"I heard an American professor saying that the Occupy protesters had achieved in a few weeks what non-protesting people have been trying to achieve for years," Viswalingam says. "They have expressed the view that young people are fed up with corporate greed creating serious divisions in society between rich and poor and that this has to be addressed. They have set the agenda and it is not going to go away."
Decadence aims to be the social equivalent of Al Gore's climate change documentary, An Inconvenient Truth. It aims to inspire change. One of the interviewees is philosopher Noam Chomsky.
"Eighty per cent of the population think that the country [the US] is run by a few big interests looking after themselves," says Chomsky in Decadence. "And we can't do anything about it."
Unsurprisingly, Viswalingam struggled to raise finance for a film that attacks the status quo. He finally found an unlikely ally in Oliver Yates, a Sydney merchant banker who contributed the bulk of the film's funds. Yates says the Occupy movement, the Eurozone protests and the British riots all reveal the grassroots disillusionment within western societies. His hope is that Decadence articulates some of the frustrations underpinning that disillusionment.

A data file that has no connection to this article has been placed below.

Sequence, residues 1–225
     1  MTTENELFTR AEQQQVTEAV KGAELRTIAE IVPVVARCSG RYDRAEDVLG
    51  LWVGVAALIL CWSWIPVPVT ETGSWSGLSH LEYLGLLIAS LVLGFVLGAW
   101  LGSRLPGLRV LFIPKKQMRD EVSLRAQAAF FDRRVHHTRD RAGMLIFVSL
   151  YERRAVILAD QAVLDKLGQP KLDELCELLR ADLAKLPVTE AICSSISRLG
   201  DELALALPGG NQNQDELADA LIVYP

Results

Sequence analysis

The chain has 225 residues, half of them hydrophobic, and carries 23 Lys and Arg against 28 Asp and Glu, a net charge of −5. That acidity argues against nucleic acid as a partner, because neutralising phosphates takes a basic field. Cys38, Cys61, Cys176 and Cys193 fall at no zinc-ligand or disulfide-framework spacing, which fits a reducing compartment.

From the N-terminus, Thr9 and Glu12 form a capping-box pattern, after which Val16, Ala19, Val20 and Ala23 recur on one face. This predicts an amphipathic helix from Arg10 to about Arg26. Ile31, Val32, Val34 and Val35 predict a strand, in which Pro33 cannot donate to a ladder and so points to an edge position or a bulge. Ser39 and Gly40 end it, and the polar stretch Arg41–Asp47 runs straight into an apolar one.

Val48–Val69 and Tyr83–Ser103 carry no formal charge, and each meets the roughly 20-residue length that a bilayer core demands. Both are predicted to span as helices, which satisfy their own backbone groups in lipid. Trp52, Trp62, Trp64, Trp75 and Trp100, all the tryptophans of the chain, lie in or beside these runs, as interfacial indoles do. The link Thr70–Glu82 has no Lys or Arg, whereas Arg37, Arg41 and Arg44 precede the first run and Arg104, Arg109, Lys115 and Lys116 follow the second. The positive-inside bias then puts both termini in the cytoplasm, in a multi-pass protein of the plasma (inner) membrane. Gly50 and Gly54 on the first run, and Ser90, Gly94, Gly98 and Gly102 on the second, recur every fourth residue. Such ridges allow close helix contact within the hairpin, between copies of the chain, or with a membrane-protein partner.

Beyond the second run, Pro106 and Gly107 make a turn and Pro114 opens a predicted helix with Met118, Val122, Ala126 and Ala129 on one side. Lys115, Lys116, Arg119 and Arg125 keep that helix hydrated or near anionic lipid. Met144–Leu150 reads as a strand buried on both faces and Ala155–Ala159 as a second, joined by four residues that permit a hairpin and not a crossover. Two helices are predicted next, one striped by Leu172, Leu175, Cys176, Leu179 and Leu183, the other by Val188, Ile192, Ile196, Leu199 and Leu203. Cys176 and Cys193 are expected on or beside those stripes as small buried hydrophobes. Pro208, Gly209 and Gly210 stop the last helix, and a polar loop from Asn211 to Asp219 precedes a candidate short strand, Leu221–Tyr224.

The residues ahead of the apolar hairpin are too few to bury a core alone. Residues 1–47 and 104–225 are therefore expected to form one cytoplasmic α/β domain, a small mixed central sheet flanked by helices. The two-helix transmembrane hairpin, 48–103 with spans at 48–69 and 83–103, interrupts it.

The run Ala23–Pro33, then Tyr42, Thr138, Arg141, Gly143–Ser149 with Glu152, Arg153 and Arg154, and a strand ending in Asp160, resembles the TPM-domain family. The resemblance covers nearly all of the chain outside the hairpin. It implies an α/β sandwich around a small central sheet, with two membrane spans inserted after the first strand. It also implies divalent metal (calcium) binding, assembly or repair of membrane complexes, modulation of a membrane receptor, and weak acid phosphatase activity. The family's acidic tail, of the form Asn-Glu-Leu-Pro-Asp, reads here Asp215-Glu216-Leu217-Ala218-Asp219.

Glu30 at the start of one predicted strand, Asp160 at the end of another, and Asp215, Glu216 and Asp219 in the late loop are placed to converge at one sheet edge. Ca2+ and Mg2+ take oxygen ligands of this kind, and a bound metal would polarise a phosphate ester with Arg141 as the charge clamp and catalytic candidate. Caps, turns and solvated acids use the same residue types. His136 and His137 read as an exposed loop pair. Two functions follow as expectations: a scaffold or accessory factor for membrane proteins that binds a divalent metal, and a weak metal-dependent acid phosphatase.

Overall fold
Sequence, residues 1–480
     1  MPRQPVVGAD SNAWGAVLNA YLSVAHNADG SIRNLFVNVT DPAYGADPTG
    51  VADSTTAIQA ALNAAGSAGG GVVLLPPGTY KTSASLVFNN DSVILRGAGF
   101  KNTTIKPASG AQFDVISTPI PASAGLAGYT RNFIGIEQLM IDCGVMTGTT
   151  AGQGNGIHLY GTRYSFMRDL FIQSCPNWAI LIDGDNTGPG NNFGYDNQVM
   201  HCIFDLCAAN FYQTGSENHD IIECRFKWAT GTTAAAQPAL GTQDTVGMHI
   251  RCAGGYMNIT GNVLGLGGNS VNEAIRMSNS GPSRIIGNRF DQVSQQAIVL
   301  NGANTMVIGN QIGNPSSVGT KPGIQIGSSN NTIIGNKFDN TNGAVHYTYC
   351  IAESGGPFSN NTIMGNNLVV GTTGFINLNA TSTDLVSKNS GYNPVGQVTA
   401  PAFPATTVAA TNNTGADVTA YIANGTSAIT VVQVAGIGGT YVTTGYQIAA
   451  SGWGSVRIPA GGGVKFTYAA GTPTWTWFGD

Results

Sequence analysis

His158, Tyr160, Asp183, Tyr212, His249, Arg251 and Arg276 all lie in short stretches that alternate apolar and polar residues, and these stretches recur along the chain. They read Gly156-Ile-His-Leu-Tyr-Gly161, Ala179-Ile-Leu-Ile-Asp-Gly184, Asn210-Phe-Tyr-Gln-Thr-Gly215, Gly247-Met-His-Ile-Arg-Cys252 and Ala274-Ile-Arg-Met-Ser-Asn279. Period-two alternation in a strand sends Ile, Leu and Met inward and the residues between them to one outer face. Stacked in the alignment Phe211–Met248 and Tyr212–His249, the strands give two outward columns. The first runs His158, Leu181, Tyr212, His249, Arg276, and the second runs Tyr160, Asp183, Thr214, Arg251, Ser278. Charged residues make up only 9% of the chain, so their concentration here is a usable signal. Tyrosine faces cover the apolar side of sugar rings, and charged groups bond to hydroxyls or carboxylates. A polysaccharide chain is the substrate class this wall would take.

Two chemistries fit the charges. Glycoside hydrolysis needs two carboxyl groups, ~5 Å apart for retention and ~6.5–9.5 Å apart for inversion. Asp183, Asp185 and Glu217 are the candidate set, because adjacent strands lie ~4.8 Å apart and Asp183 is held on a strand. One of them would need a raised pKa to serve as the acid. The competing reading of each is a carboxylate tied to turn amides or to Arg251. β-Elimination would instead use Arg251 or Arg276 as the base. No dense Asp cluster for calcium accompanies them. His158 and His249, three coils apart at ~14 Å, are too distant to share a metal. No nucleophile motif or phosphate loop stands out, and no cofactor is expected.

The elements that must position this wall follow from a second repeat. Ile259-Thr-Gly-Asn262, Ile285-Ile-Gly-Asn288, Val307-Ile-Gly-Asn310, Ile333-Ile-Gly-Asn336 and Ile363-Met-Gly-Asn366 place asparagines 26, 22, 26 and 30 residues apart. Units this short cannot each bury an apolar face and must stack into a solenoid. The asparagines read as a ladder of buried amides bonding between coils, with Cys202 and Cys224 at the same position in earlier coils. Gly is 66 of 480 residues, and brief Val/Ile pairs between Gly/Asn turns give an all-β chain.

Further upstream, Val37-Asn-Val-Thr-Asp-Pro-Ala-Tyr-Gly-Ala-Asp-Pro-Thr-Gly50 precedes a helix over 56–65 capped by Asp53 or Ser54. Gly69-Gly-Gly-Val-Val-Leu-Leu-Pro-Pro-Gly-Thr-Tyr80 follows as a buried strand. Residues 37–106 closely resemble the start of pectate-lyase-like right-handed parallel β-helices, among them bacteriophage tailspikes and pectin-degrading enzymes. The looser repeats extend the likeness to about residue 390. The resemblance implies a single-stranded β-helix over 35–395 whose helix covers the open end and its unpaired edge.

"I believe that the new generation is struggling with society as they see it today," Yates says. "They have a feeling that something is just not adding up but don't know what exactly it is and why. Decadence is about why disenchantment and social dislocation are bubbling over in the industrialised world."
Even more concerning is the thought that the problems addressed in the film aren't confined to the industrialised world. They extend far beyond the west, because the rest of the world is actively labouring to emulate the west.
"The rest of the world is aspiring to the west,’’ says Viswalingam. ‘‘We have a billion middle-class consumers coming online in China and India. Noone is going to stop them.
"Decadence is really an ode to the west. I mean, I love the hard-won western values of liberalism, law and freedoms that we now take for granted _ to live as I choose, to be able to sue a government and win, the weekend. But it’s also a call to arms because China is still ruled by big bad Animal Farm-types and India has got another 200 years before its 99 per cent comes anywhere near the notion of social equitability."
So, if the west is doomed, how long do we have?
"Every civilisation will fall," says Episcopalian bishop John Spong. "The question is when."
Jacinta Dunn, the film's co-writer, says the answer may be soon.